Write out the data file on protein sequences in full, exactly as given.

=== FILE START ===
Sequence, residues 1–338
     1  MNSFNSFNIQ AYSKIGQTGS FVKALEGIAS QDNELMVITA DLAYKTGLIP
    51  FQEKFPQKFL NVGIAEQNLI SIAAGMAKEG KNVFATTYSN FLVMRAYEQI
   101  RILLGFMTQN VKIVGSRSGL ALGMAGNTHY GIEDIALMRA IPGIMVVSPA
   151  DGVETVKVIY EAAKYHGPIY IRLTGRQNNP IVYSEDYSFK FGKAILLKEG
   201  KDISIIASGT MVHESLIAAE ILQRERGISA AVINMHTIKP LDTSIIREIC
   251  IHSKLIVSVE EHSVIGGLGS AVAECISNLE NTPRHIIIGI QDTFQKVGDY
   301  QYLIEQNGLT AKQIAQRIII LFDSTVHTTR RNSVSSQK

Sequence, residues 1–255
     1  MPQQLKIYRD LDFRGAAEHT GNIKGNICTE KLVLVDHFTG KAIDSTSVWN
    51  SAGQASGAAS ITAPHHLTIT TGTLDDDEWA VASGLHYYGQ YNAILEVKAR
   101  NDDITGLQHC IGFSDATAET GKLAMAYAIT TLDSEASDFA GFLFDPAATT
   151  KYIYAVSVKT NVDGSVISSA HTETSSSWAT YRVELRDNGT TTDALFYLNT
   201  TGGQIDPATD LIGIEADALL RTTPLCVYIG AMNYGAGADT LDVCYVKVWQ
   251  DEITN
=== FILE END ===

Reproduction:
Sequence, residues 1–338
     1  MNSFNSFNIQ AYSKIGQTGS FVKALEGIAS QDNELMVITA DLAYKTGLIP
    51  FQEKFPQKFL NVGIAEQNLI SIAAGMAKEG KNVFATTYSN FLVMRAYEQI
   101  RILLGFMTQN VKIVGSRSGL ALGMAGNTHY GIEDIALMRA IPGIMVVSPA
   151  DGVETVKVIY EAAKYHGPIY IRLTGRQNNP IVYSEDYSFK FGKAILLKEG
   201  KDISIIASGT MVHESLIAAE ILQRERGISA AVINMHTIKP LDTSIIREIC
   251  IHSKLIVSVE EHSVIGGLGS AVAECISNLE NTPRHIIIGI QDTFQKVGDY
   301  QYLIEQNGLT AKQIAQRIII LFDSTVHTTR RNSVSSQK

Sequence, residues 1–255
     1  MPQQLKIYRD LDFRGAAEHT GNIKGNICTE KLVLVDHFTG KAIDSTSVWN
    51  SAGQASGAAS ITAPHHLTIT TGTLDDDEWA VASGLHYYGQ YNAILEVKAR
   101  NDDITGLQHC IGFSDATAET GKLAMAYAIT TLDSEASDFA GFLFDPAATT
   151  KYIYAVSVKT NVDGSVISSA HTETSSSWAT YRVELRDNGT TTDALFYLNT
   201  TGGQIDPATD LIGIEADALL RTTPLCVYIG AMNYGAGADT LDVCYVKVWQ
   251  DEITN